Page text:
The Juneau School District will place its three Montessori grade-school classrooms at Glacier Valley Elementary and two adolescent classrooms at Mendenhall River Community School, officials said.
Some Mendenhall River parents are worried about having seventh- through ninth-graders attend an elementary school.
But Assistant Superintendent Charla Wright said schools with kindergartners through eighth-graders are common in the United States.
The Montessori modular classrooms are no closer to the main building than the former Marie Drake Middle School was to Harborview Elementary, she said. The 34 adolescents will be supervised by two teachers.
Montessori parents had hoped to start a charter school this fall, but they faced objections from the Alaska Board of Education and problems finding space to rent.
Instead, the district will continue to operate the program, open to children throughout Juneau, but will place all the classrooms in the Mendenhall Valley.
Two Montessori elementary classrooms had been at Harborview Elementary downtown for many years. A third began at Glacier Valley last school year.
About 70 Montessori students in grades one through six will attend Glacier Valley in two modular buildings and in one classroom in the main building.
The adolescent program, now entering its third year, was in rented quarters downtown. Partly publicly funded as a type of correspondence school, it was part of the Juneau School District the first year, and it affiliated with another school district last year.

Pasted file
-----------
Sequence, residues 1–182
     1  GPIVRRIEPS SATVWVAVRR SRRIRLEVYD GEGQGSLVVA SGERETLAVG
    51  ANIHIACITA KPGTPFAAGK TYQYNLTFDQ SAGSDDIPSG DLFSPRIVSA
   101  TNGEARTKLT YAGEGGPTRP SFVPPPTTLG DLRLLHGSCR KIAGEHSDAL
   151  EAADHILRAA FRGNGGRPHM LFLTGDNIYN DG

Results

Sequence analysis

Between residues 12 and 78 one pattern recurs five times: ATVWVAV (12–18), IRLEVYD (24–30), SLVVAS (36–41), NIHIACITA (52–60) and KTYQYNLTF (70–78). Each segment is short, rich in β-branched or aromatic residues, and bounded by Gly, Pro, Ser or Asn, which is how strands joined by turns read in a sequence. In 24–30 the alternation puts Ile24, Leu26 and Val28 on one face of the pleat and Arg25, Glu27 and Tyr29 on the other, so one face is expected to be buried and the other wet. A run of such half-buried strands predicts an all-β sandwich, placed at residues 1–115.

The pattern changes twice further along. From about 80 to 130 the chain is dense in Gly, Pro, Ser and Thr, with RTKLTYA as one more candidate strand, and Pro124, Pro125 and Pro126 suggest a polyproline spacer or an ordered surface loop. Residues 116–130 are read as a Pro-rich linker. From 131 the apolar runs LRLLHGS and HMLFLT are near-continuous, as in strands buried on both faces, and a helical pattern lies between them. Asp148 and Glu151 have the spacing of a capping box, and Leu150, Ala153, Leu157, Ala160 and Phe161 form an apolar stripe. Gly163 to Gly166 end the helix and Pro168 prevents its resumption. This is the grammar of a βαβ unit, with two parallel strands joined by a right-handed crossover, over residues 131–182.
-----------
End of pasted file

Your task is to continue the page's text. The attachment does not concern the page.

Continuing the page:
Its students will be taught in two modular buildings at Mendenhall River.
None of the Montessori modulars had been used as regular classrooms, Wright said. One was storage space, one was a RALLY before- and after-school room, one housed Indian studies, and one was a district training room. The displaced functions have been moved inside school buildings, she said.
Because the program is shifting from downtown to the Valley, some Montessori parents are concerned about getting their children to school, said parent Stephanie Allison.
Many Montessori families are from Douglas, north Douglas and downtown, she said.
Last school year, the district had an otherwise empty bus going from Harborview Elementary to the Valley, and Montessori students were able to use that to get to Glacier Valley. District officials are looking into whether they can continue that option this school year.
The other big question is how well the Montessori classrooms will fit with their host schools.
Allison said she could understand why some Mendenhall River parents are worried about having older students attend their school. But, she said, the adolescents are "a really great group of kids who have a lot of nurturing instinct."
The Montessori adolescents hosted visits of first-, second- and third-graders last school year, and the entire Montessori student body meets once or twice a year, she said.
"Part of Montessori is that aspect of older kids working with younger kids," Allison said. "I'm really confident that everything's going to work out. There will be adjustments for both Montessori and the host schools."
In March, when the Juneau School Board was considering approving a Montessori charter school that might have been placed in a regular school, some teachers at Glacier Valley opposed it.
They were worried that Montessori parents wouldn't be involved in the whole school. They said the Montessori classroom had fewer students than many other classrooms, and that it took space and the resources of specialists away from other students.
But Geri McLeod, a longtime teacher, said she thinks the teachers in Montessori and regular classrooms can work together.
"I think at Glacier Valley the concern is we welcome anyone to be part of our community," McLeod said. "So we would hope that Montessori would feel they are part of the community and not a school within a school."
Eric Fry can be reached at email@example.com.
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